We live in a world where it seems that more is always better. While that might be true most of the time and for most things, when it comes to credit limits there are a few things you should know. Let’s examine credit limit increases and see what they can mean to you and your credit score.
How does applying for a credit limit increase affect your score?
Much depends on how the request is initiated. Most lenders have a mechanism for requesting credit line increases; some will even automatically kick in if you meet certain guidelines laid out by the lender. In these instances, a limited or “soft” inquiry is usually made by your lender, which, as we have discussed previously in this space, will have no effect on your credit score.
However, if the increase is not automatic and you request it, some lenders may make a “hard” inquiry. This could pull your score down by a few points (probably no more than 10) and the effect will likely be short-lived. But the request will stay on your credit reports for two years. If you are concerned about the impact of a hard pull on your score, consider asking the credit issuer if a smaller increase request can be reviewed under a soft pull.
The good news is that whether you get an automatic increase or if your request is accepted, your credit utilization will go down. This will serve to bump your score up, since utilization accounts for 30 percent of your overall FICO score. This is assuming, however, that you don’t go right out and charge up a storm with your newfound increase.
But there is no free lunch as they say. Requesting new credit can trigger a drop from the “new credit” portion of your FICO score, which is worth 10% of your score. However, given the disparate weighting of the two factors you should come out ahead in the end.
As for the bad news, it is surprisingly modest. If your request is refused and you get no increase, the effect of a hard pull should be only a few points and shouldn’t have an effect on your score for more than a month or two.
When should I ask for a credit limit increase?
In much of life timing is everything. In credit this is particularly true. If you want to time your request for maximum chance of success I suggest asking for an increase if something positive has happened since you got your card, like an increase in your household income, a decrease in your debt load or an increase in your credit score.
Conversely, I don’t suggest you apply if any of the following has happened: you’ve lost your job or had an income cut; your credit score has decreased; you’re at or near (or even over) your credit limit; you recently missed a payment or paid less than the minimum; or you’ve recently added new credit.
In general, after six to 12 months of on-time payments, you may be eligible for an increase. You should make sure that those payments have been for more than the minimum required. Your current utilization on the account will also likely be taken into account in the decision, so try to keep your percentage at 30 percent or less to help increase your chances of being approved for an increase. These actions demonstrate a responsible use of the credit you already have.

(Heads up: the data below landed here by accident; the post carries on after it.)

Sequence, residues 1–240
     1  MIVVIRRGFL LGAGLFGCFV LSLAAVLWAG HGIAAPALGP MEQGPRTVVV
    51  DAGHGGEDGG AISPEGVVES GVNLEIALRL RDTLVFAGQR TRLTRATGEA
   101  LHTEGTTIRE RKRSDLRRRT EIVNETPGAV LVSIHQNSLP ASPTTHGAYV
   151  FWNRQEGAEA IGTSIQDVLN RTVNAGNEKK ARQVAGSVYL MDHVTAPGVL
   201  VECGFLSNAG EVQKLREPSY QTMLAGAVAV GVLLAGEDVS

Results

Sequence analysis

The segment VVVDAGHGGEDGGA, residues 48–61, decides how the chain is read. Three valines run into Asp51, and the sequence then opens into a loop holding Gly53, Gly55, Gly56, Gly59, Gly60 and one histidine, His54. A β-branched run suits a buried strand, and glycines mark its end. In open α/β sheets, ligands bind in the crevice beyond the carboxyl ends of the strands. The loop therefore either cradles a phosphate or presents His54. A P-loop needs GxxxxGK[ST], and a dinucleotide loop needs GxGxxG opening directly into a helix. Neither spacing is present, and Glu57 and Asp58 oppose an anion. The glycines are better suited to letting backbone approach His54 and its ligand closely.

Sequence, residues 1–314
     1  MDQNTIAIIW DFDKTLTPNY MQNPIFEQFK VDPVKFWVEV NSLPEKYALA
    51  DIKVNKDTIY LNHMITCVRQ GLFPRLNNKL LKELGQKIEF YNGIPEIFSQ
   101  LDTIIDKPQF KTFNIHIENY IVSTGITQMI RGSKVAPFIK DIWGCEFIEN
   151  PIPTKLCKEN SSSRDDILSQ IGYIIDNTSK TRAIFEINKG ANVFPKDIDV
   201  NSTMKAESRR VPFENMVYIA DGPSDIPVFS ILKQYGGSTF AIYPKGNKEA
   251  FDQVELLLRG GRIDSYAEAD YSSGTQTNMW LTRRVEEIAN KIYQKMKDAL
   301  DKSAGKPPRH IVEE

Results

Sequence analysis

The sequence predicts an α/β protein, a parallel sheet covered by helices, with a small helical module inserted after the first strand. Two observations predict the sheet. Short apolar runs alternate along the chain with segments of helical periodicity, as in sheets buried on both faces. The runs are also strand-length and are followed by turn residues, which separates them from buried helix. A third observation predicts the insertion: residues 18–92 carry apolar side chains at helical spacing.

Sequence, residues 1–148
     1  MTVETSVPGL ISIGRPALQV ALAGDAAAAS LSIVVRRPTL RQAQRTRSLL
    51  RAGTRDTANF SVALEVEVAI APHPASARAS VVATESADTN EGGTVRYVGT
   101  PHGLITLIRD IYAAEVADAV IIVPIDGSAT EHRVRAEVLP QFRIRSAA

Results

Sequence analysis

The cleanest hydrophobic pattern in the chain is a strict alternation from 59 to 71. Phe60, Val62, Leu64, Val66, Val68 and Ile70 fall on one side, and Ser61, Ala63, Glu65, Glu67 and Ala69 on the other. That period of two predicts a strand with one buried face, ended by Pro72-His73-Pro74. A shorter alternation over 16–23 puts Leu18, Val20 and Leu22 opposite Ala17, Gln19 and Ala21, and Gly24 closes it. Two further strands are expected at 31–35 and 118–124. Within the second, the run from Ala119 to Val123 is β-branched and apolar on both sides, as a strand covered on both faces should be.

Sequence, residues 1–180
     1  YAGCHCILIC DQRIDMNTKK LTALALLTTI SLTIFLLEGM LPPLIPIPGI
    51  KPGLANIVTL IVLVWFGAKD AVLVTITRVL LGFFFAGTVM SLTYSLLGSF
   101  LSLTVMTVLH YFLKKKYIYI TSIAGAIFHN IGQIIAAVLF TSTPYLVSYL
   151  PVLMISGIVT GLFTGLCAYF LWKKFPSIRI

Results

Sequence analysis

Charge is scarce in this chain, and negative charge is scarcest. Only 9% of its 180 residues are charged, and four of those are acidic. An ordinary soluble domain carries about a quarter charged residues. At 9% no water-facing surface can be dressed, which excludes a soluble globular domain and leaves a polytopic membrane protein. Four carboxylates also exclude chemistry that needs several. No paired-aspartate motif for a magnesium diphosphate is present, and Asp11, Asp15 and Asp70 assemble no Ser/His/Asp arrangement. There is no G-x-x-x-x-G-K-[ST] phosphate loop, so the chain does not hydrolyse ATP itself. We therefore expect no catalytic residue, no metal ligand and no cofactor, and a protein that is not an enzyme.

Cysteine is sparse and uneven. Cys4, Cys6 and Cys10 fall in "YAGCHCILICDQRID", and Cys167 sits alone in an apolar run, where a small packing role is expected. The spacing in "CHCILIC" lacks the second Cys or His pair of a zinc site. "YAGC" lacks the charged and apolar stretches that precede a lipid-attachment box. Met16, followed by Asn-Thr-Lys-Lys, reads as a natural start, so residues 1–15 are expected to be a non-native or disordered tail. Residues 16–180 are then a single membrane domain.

Just like accessing new credit, you want to limit your requests in this area. Too many asks may signal that you are about to go on a spending binge. You might be turned down and if a hard inquiry was made, the hit you take from that might be felt more.
Numerous requests for credit or credit increases are never a good idea; the only time numerous requests won’t hurt you is if you are in the market for a big-ticket item, like a mortgage or a new car loan. (In that case try to cluster your rate shopping in a short period of time so the multiple inquiries will be counted as only a single request.) You need to know that too many credit card applications or credit line increase requests are like a red flag to the scoring mavens.
Should I increase my credit limit if offered?
If it is offered, chances are your credit wasn’t accessed in a way that will hurt you and an increase will help your utilization score. However, if you feel that an increase may be too tempting and be reflected in overspending (now you can get that big screen TV you’ve been lusting after) you might want to think twice. This is a question only you can answer, but it is an important one. Most of you know, but for those who don’t, more credit is not the same as more income. It’s just another way to spend the money you already have budgeted.
How to increase your credit limit without hurting your score
As noted earlier, most lenders have a mechanism for asking for an increase. This can usually be done either by phone or via the internet. Your lender will want some information from you to consider your request, whether a hard pull is done or not. This will include your current income and employment information. You can ask if a hard pull will be done and, as noted earlier, if one can be avoided at a lower increase threshold. I would suggest that you always ask for your own information.
Before you make any decisions like this, I would also suggest that you check your credit reports for yourself. You can do this for free at AnnualCreditReport.com; reports from all three bureaus (Equifax, Experian and TransUnion) are available weekly through April 2021 because of the COVID-19 pandemic. This service is usually only available once a year (hence the “annual credit report” moniker).
Just like taking on any new credit, this is a step I always recommend be done so that you know what is in your reports. It will benefit you by allowing you the time to correct any errors you find and be sure that your credit is in tip-top shape.
Have a credit score question for Steve? Drop him a line at the Ask Bankrate Experts page.